Mount Katahdin was in the news this week. Fortunately, the rescue that took place on the high tablelands of this formidable mountain on October 11th was a successful one. Not all Katahdin tales end as happily.
The rangers in Baxter State Park work hard to educate hikers in preparedness and to keep track of them on the trail. Nevertheless, it is a challenging and unpredictable mountain. Every year, many rescue teams are sent out to search and recover lost and injured hikers (44 search and rescue teams were sent out in 2009).
But there is another kind of Mt. Katahdin rescue that doesn't get as much press. It is a personal rescue that takes place time and again in the hearts of those who reach that summit marker. Many inspired hikers arrive at Katahdin with a mission in their minds, or a longing in their souls. For many, summiting this granite behemoth is the culmination of years of anticipation - a goal that has been shining on their horizon. For others, it is an annual quest that sustains them.
Whatever their story, most hikers find some kind of rescue on top of Mt. Katahdin. I might venture to say that everyone who makes that one-of-a-kind climb receives some kind of rescue from the mountain, a Katahdin blessing, if you will.
They may be through hikers who are finishing their Appalachian Trail journey of over 2000 miles on foot. In the fall, in particular, you meet many of them - often rather bedraggled, thin, aglow, giddy with joy, celebrating with photos, cigars, and champagne.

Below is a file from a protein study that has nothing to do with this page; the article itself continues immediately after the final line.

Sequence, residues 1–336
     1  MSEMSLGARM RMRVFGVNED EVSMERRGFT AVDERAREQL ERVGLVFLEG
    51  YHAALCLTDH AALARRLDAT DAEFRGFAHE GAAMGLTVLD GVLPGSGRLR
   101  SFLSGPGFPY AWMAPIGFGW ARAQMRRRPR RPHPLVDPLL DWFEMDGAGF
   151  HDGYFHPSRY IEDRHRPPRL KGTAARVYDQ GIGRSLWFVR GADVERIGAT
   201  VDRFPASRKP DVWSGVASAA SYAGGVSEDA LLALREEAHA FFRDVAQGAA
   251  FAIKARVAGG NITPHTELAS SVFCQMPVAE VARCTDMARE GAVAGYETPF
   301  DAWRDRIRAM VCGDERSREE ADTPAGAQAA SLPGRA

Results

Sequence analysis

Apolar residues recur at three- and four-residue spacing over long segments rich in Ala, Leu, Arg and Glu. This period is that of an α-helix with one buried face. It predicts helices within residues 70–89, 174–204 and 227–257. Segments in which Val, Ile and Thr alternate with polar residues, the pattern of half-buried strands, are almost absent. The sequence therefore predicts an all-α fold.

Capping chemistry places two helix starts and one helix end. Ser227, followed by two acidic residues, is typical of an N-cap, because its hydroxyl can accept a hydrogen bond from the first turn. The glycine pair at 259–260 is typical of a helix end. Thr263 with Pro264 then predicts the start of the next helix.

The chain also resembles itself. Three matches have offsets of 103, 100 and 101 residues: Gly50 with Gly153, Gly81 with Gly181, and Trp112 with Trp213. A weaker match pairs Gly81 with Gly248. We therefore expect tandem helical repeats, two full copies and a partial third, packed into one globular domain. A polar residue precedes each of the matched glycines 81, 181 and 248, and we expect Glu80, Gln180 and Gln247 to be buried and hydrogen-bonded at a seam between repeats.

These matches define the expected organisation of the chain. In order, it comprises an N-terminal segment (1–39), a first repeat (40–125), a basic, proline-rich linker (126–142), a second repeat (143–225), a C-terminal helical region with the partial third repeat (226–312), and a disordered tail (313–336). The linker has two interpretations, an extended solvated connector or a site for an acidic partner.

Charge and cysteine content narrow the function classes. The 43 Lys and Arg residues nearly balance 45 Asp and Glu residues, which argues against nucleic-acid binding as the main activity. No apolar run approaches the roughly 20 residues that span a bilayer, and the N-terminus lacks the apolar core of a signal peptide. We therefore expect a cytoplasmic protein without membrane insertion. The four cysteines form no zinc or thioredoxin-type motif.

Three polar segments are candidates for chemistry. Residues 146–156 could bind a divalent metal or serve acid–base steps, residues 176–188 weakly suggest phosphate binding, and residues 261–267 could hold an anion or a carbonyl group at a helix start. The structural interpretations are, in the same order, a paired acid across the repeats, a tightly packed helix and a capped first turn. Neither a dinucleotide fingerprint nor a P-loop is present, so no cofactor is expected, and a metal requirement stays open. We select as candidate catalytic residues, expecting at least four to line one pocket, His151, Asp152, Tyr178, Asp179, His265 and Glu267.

They may be two old park rangers, somewhere around the age of 80, who reach the top together and say, "Well, this might be my last trip to the summit," for the tenth time.
They may be someone like Geri, who was in a life-shattering car accident that broke her neck in three places in May of 2009. After 16 months of recuperation that defied the odds, Mt. Katahdin stood before her as the symbol of her recovery. In late September, she reached the summit with her husband and friends.
Perhaps the seriousness of the Katahdin challenge is part of its allure. Over 100,000 visitors come to Baxter State Park every year, and many of those visits lead to Mt. Katahdin. It is more than a mountain.
I made my 5th trek up Maine's highest mountain in September. For me, reaching the top at age 50 was an accomplishment. I was thinking maybe this would be my last time up. I don't have such enthusiasm for the pain in the body, the tentative balancing on rocks for hours on end, the sodden feet and relentless tramping.
But -- this mountain with its massive granite slabs and arctic vegetation has an indescribable allure. After a hot shower and a good night's sleep in my own bed, I remember, and think again.
The 2010 summer camping season in Baxter State Park officially ends this Friday, October 15th.
Please feel free to contact me at email@example.com with questions, comments or ideas for more stories of the many sided people of Maine.